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Comments

  1. Explaining math concept(s) using manipulables as part of a lecture and hands-on activity setting up the actual doing of the math makes sense — persisting on the use of manipulables (including dots and lines) doesn’t make sense

  2. First, anyone who thinks that a kid drawing out “10″ 23 times, grouping them into hundreds, counting it all up and writing the answer has a better “understanding” of math than the kid who reads the problem and just writes “230″ in the answer block has no business teaching or designing curriculum. I wouldn’t trust them to calculate a tip.

    Second, any adult reading question should point out that their answer is true, “unless someone has a disability.” It’s funny how the schools bend over backwards for some types of political correctness and utterly ignore others. I THINK that means they don’t really care about the underlying issues, but only seek to use them whenever it’s to their advantage to do so.

  3. The reason why americans stink at math is due to the fact they never learned how to do math correctly in the first place.

    My answer to how many fingers do 23 students have would be:

    10 fingerx times 23 students equals 230.

    6 cars in the parking lot have 4 wheels apiece, so there are 24 wheels.

    End of statement.

    Though I would have done 10 x 23 = 230
    and 6 x 4 = 24, and probably gotten a(n) F :)

    Sigh

  4. Since I started subbing at a local school district, this new math approach is totally incomprehensible. I remember asking a student to solve a particular multiplication problem. I figured out the answer using the correct method. He started with this whole dot circle thing. It took him 15 minutes. At this time I started losing the students. Unfortunately, he never answered the problem. It takes too long for them to solve these types of problems.

    • It takes too long for them to solve these types of problems.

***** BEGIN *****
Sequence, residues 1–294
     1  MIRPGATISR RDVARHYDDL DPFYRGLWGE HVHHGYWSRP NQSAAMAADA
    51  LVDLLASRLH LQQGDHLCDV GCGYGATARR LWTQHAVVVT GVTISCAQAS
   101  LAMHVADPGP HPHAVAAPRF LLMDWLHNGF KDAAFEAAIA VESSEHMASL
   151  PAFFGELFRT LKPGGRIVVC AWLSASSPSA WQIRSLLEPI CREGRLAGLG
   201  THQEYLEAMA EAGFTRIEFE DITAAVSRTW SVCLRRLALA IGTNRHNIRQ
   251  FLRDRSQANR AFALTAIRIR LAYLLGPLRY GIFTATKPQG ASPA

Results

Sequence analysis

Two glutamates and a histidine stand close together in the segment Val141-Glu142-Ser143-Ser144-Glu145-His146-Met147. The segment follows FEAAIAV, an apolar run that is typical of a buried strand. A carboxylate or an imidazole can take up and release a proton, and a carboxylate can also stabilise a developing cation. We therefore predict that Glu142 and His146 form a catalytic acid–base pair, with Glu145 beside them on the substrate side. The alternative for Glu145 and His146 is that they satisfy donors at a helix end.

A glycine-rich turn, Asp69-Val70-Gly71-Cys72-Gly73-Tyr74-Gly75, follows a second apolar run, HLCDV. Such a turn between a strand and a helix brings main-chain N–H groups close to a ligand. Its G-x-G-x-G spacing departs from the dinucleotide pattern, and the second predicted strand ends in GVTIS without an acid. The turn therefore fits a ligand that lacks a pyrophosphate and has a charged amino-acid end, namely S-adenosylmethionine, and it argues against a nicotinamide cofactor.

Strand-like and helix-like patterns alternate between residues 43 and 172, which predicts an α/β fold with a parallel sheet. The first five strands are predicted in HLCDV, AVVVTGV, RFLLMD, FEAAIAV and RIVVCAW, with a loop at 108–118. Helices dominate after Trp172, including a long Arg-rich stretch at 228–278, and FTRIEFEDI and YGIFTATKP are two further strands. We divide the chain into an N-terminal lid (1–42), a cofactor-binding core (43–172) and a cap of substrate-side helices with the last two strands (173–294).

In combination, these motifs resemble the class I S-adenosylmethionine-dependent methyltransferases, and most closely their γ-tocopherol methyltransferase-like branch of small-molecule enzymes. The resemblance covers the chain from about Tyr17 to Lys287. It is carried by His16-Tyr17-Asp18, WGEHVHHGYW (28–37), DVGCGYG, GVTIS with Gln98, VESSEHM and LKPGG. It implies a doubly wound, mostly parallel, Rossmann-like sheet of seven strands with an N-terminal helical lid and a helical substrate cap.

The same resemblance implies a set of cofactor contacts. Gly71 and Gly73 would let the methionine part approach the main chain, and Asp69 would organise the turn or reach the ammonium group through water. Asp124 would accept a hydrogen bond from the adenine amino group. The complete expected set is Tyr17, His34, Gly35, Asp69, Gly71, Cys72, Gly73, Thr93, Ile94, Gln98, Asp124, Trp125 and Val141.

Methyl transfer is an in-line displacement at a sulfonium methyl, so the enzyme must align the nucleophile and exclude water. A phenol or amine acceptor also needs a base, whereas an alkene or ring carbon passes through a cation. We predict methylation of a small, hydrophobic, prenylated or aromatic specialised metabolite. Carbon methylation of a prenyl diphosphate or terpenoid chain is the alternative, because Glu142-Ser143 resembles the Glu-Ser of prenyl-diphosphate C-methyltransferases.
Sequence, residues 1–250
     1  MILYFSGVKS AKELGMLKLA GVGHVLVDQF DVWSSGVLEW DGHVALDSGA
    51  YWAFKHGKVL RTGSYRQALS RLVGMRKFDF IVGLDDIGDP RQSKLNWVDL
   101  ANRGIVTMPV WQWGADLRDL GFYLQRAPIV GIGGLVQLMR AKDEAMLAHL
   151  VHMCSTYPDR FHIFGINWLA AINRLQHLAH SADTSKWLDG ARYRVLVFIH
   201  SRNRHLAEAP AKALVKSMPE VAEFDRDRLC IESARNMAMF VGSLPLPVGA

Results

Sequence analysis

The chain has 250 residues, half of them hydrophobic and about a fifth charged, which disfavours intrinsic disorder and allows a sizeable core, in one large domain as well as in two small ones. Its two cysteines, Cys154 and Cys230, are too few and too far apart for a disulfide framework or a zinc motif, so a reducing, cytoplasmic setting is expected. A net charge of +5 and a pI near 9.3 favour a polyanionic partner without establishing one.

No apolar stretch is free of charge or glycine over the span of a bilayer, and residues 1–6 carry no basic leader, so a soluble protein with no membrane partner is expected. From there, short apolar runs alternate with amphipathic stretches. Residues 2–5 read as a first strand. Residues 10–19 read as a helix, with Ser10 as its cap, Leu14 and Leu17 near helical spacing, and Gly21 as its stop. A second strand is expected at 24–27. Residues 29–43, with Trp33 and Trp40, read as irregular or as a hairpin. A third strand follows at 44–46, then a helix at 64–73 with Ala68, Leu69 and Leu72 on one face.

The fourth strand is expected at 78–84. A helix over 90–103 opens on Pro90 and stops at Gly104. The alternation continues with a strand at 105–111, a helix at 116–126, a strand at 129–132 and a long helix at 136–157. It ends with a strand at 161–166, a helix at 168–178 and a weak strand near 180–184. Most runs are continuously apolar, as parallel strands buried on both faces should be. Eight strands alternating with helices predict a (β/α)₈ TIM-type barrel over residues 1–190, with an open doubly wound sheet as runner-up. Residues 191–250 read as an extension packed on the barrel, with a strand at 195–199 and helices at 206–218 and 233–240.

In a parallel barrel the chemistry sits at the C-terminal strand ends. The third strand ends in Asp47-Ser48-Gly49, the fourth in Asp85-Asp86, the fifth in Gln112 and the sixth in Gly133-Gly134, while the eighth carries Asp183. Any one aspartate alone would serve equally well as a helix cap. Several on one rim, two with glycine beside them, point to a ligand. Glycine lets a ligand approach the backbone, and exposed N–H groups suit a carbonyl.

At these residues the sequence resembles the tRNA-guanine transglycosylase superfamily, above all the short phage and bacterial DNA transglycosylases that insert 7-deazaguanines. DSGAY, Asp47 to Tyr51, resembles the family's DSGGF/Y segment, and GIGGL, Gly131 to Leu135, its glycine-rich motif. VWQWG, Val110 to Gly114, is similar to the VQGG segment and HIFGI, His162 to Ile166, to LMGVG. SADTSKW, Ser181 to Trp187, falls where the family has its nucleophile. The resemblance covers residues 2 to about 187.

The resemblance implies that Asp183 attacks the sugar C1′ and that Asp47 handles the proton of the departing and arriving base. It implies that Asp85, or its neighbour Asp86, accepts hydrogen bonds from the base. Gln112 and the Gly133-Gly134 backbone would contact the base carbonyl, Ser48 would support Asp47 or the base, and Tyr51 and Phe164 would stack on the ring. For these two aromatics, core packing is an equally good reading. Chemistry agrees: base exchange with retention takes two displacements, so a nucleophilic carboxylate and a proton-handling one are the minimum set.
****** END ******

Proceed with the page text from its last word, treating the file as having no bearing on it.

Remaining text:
If the methods used in the instruction are defective, the people who created (or mandated) the instruction should be held liable for malpractice.

  5. foobarista says:

    At the end of the day, the problem is elementary school _teachers_ generally suck at math, so teacher’s colleges have to do anything to make it less like math.

    So, for their most recent trick, they’re trying to change math from calculations into a writing assignment. Response of any kid who actually learns math correctly: ick.

  6. Writing about math isn’t going to help a kid master it, plain and simple.

    You want to master a musical instrument or be a top athlete, you drill and
    practice until it becomes 2nd nature.

    Somewhere along the line, the common core folks seem to have forgotten all of this.

    I suspect the market for math tutors will be expanding in the near future :)

  7. The issue is that while manipulatives and concrete examples are helpful in the early stages of learning a concept, it is easy to overdo that stage of learning. The dots problems are a good example of too much. Way too much.

  8. The school will not get away from the use of dots and manipulatives. The included will have no chance of success if these tools are dropped. Maybe by the age of 21 the abacus will, be introduced.

  9. Linda Seebach says: